July 19, 2009

Going to Prison

Last Monday I spent at McNeil Island Corrections Center, a prison on an island in the southern part of Puget Sound. A ferry, operated by the Dept. of Corrections, leaves Steilacoom for the 15 minute ride to the facility. You must go through clearance at portside before you can board. The island is fairly large and is also inhabited by people not connected to the Corrections Center.

I travelled with Steve who is a regular volunteer at McNeil and has been going for years. He practices Buddhism in the Tibetan tradition and brings a Tibetan style liturgy to the religious service that he leads. As part of the service, everyone in attendance has an opportunity to remember someone they know, care about, are related to, or have in mind someway. The person's name is read out and everyone at the service sends goodwill on behalf of that person's welfare.

After the service, another volunteer mentioned how strong the room felt during that part of the liturgy. I commented that in my experience going into prisons, that incarcerated men seem to offer stronger prayer on behalf of others than I have felt anywhere else. An inmate smiled and said that all the men in prison were there because they were extremists. Some kind of extreme but negative action had brought them to prison in the first place. He added that when that negative attitude is turned to something positive, the power becomes remarkable.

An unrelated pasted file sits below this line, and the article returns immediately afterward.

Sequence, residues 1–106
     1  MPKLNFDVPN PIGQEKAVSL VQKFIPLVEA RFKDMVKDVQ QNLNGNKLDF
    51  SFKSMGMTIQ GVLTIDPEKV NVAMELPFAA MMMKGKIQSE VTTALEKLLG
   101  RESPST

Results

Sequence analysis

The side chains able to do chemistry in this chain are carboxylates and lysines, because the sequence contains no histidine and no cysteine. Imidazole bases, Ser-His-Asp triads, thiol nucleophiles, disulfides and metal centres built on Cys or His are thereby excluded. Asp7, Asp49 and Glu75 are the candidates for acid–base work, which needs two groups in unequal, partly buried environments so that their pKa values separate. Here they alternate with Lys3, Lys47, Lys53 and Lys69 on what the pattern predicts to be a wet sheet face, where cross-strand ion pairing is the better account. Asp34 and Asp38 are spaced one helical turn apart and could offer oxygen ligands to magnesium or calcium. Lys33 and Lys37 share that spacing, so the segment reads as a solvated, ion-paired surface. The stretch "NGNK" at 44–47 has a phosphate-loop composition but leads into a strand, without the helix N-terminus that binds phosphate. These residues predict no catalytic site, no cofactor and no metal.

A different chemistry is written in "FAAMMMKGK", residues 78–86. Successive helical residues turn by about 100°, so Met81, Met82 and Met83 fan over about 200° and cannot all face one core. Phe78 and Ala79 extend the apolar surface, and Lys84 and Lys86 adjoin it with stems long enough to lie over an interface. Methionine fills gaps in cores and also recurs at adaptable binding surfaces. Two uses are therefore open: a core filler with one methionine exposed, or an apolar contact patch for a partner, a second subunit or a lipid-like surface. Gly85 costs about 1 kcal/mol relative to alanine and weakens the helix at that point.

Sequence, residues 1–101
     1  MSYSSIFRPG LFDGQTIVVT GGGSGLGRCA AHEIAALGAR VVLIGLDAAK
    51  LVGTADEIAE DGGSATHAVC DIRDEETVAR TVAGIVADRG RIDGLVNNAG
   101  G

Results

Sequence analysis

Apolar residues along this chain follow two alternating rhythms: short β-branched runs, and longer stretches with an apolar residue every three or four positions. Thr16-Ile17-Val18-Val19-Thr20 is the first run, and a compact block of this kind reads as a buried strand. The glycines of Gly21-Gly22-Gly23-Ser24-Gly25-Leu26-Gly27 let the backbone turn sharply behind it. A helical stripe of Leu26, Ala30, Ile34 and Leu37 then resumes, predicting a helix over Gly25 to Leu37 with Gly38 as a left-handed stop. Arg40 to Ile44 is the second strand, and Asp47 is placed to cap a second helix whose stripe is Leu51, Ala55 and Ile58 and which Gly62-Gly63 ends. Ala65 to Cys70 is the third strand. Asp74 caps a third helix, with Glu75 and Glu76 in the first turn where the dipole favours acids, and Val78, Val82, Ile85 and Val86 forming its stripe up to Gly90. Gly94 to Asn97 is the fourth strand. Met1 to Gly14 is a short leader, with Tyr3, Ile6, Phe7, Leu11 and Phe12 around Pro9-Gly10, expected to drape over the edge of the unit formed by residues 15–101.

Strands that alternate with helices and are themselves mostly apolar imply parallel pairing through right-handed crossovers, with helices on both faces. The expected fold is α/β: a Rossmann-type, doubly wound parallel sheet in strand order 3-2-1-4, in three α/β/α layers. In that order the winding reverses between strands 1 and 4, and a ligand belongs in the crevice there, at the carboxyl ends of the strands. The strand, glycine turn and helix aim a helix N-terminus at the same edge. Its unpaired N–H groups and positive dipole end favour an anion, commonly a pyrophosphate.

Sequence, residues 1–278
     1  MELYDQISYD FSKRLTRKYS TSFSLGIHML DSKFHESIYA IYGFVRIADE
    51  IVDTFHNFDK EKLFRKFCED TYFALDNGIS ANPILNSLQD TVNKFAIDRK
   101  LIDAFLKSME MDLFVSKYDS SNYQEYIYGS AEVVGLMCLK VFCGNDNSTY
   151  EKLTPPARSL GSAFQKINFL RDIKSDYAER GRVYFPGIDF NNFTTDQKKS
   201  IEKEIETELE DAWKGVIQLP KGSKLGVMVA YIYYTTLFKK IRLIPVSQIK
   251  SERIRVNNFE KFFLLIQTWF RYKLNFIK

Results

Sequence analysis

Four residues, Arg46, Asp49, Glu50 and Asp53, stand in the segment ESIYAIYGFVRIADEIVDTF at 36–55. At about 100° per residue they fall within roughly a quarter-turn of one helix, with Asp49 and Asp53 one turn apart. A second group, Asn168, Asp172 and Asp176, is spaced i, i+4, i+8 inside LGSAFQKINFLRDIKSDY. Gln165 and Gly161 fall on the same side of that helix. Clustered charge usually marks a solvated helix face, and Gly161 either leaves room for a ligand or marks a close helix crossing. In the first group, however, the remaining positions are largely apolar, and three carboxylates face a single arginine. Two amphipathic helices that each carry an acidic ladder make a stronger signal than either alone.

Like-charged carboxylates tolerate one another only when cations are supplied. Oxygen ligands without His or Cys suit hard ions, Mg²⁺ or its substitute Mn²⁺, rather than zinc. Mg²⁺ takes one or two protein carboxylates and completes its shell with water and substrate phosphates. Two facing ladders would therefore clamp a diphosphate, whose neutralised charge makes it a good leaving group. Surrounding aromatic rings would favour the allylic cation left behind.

It's wonderful to see some pretty tough guys open their hearts in these moments so wholeheartedly for the benefit of others and that they can direct pure love in powerful ways, praying for only good in the world. It's a side of prison life we don't often see or think about. As the inmate who spoke also said, prison can be a beautiful place sometimes.